August 9, 2007


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Flock of Dodos: Behind Modern Creationism, Intelligent Design & the Easter Bunny, by Barrett Brown and Jon P. Alston, Ph.D. (Cambridge House Press, 2007, 155 pages)
Reviewed by Lisa Parsons

If Sam Harris’s serious Letter to a Christian Nation was too straitlaced for you, try the extremely snarky Flock of Dodos. Where Letter is written directly to those who take the Bible literally, Flock is written to those who are already skeptical. Its authors, sociology professor Jon P. Alston and writer-humorist Barrett Brown (presumably the source of the snark), name names and pull no punches in raking the muck of creationist arguments. They assert that “whenever an evolutionist debates a creationist, the creationist will inevitably come off as something of an ill-informed jackass,” and, without going in to any of the logic of the “inevitably” part, they simply point out several instances in which such is the case — to wit, discussions of dinosaur tracks in Kentucky in which the creationists are wildly contradictory and willfully blind; a creationist’s claims about the genetics of bacterial flagella that have been flatly refuted by research; the contortions of logic performed by creationists trying to both embrace and deny science. They also point out that the U.S. was founded on the principle of religious freedom, not Christianity, “But the Founding Fathers are dead, and half of America is largely ignorant,” they conclude.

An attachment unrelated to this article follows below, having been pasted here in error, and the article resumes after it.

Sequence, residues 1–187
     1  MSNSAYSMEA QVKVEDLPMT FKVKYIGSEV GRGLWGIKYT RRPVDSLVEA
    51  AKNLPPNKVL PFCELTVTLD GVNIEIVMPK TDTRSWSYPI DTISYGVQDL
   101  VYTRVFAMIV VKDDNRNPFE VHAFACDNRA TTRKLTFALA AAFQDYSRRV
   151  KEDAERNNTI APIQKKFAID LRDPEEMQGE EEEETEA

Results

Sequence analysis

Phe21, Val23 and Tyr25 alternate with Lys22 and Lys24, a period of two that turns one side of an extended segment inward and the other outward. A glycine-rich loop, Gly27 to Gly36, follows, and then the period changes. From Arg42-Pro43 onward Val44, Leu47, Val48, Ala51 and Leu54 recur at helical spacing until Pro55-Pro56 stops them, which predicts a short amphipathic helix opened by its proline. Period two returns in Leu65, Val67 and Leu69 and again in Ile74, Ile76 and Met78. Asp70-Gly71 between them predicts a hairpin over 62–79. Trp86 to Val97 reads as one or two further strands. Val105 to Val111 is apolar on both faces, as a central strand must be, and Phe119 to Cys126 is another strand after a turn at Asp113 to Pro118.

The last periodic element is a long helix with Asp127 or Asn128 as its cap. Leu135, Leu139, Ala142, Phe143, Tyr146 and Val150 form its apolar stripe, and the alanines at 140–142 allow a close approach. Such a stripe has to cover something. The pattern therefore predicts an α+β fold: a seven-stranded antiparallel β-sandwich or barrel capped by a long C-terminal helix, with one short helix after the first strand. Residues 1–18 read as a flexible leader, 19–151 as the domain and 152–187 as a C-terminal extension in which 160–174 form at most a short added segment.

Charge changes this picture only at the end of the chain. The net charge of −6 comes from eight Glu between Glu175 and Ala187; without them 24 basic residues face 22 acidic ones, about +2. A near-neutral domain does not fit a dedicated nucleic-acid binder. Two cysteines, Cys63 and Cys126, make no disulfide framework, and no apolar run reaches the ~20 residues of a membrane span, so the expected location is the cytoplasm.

There’s a lot here in the funny-if-it-weren’t-true category, like how creationist — or Intelligent Designist — Ken Ham coaches school kids on ways to disrupt science lessons (they should assert that the teacher can’t claim to know about things he didn’t witness firsthand, whereas they can be sure about what the Bible says, and they should keep in mind that evolution is obviously not real, because their grandparents do not look like chimpanzees). Flock of Dodos points out some goings-on worth knowing about. CLisa Parsons